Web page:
A great guide into the mind of one of the best value investors of all time.
Greg Salter

Most Helpful Customer Reviews

20 of 22 people found the following review helpful By moneymanager on June 1, 2008
Format: Hardcover Verified Purchase
I bought this book hoping to learn more about how to invest in foreign stocks since Templeton was known for that. Unfortunately other than a few simple things like checking to make sure a government's debt is no more than 25% of GDP, there were very few specifics. The author presents a couple of examples where "Uncle John" took advantage of distrust in foreign markets (like investing in South Korea during the Asian financial crises) to make great investments, but doesn't go enough into enough detail to be of any real benefit to anybody.

The book is more about the very basics of being a value investor and the attitudes needed to be successful in investing (ie, don't follow the crowd, buy low P/E or low PEG stocks, diversification). But even that is presented in somewhat of a haphazard way compared to other books, such as Peter Lynch's books or some of the books about Warren Buffet. Chapter 6, "No Trouble TO Short The Bubble", is not much more than a recount of the tech wreck and an admonishment to people who bought tech stocks at high P/Es. The main points of the book could have been made in half the pages. Only the last chapter on China was interesting.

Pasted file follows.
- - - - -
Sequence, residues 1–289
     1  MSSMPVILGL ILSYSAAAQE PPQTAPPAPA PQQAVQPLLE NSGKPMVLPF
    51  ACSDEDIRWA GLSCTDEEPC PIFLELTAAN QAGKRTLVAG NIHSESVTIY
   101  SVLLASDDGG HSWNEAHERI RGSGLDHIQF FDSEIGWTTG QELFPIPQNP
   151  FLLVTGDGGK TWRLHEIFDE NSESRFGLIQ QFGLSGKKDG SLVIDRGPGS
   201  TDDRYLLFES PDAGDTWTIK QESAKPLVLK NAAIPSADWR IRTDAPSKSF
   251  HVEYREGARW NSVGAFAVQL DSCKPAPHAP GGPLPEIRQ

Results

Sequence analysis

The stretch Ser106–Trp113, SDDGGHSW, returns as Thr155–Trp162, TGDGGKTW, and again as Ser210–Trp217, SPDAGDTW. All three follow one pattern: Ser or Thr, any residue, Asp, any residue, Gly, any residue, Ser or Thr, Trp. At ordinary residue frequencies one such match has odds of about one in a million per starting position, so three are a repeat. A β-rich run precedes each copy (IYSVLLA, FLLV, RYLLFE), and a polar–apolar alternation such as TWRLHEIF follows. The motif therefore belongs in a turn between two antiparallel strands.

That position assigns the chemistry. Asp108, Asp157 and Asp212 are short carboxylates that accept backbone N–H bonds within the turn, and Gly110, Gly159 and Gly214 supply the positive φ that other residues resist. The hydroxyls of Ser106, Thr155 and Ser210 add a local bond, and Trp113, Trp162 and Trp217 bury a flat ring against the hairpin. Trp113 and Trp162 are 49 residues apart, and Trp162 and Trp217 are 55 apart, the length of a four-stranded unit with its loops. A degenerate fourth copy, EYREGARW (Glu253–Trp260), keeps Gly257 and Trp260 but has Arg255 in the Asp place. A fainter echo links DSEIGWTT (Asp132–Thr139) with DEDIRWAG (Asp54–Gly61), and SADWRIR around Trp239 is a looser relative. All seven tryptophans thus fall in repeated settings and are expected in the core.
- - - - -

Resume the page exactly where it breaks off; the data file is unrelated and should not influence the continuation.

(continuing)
I gave three stars because this would be an ok book for a beginning investor, but for an intermediate or advanced investor this in not much more than a rah-rah book about value investing and is more like one or two stars.
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6 of 6 people found the following review helpful By Max7777 on September 10, 2008
Format: Hardcover
Templeton was truly one of the greatest investors of all time. This book does give you insight into his thinking and methodology. So it should be a great book since there are very few books about him. However be warned the writing is just horrendous. I never cared about the writing style of a how to book, but this one is just terrible. Extremely hard to keep you interested, as if a 11 year old wrote this. It repeats the small irrelevant points as if it was the greatest discovery ever. It is just very annoying to read. Still I did learn from it. It explained that Templeton used bottom up approach to pick countries, if he found many companies to buy in Japan then he picked that country (He did not look at Macro factors and then decide to pick stock in that country)It gave good examples about how not to follow the crowd into hot markets and simple pointers like look for low P/E's, and use diversification unless you are right 100% of the time. But it was truly very hard to read.
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12 of 14 people found the following review helpful By Dipak Thakur on April 20, 2008
Format: Hardcover
My expectations out of this book got dashed. It has little to offer. I found it tough to take down even half a page of notings / learnings from this book. On an average the learnings for such a book run into multiple pages.